Leighton Beaman + Zaneta Hong will be presenting "Materials As Collections" at this year's National Conference on the Beginning Design Student [NCBDS] at the Illinois Institute of Technology.
"From the master/apprentice paradigm of learning building craft to the hallowed halls of formalized education, the historical trajectory of architectural study presents a challenge to integrating materiality within the conception and delineation of the built environment. Today representational tools and techniques are often compromised substitutes for the physicality of architectural works. Consequently, architecture’s pedagogical structures struggle to infuse tactility, material assembly, and making into the representational methodology of design education today."
To understand a material is to understand the collections of information, which define them. From chemical properties to application history, materials are the manifestations of manifold information sets. In creating a pedagogical approach to how one utilizes materials in the design process, the ability to access, analyze, organize, and manipulate information is paramount. The use of materials in design education has taken on many pedagogical frameworks - courses that examine materials in their ecological and technological context in the form of natural systems; courses that examine a specific material and study with its use in a focused but detached context, such as detail examination of built work; and courses that examine material selection, representation and rendering to communicate why specific selections are made and the phenomenological effects they produced.While all of these frameworks provide useful and varied inquiries into the question of materials in the design and production process, they share a common understanding of materials research as being adjacent to the design processes itself. Here, materials are to be studied in as much as they are selections to be made.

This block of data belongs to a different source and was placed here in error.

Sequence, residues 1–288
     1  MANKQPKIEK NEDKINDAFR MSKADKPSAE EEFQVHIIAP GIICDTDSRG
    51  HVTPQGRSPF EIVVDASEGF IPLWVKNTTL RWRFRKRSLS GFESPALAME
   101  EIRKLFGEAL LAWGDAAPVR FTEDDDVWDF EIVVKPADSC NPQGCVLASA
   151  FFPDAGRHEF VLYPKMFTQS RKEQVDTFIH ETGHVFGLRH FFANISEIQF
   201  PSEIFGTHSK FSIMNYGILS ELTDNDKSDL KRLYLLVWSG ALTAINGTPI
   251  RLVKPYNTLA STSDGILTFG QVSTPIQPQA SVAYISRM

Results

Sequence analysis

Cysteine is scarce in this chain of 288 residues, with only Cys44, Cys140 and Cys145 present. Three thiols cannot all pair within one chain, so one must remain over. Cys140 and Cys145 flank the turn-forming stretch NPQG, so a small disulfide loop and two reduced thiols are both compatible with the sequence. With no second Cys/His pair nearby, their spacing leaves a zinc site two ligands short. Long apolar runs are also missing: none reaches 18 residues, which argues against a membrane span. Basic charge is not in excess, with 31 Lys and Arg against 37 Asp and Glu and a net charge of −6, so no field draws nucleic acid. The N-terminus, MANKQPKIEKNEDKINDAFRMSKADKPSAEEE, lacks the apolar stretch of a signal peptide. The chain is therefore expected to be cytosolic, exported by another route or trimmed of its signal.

In an academic setting, where research and innovation are on equal footing with practical know-how, the question of a materials-based pedagogy for design education is one we were interested in developing alternative answers to. By re-contextualizing materials as information sets, we sought to embed materials research into the core of the design process. With combined backgrounds in three different design disciplines (architecture, landscape architecture, and industrial design), we also were invested in developing materials-based pedagogies within the larger question of interdisciplinary design education. To do this, we began by examining the role of information in structuring how we work with materials.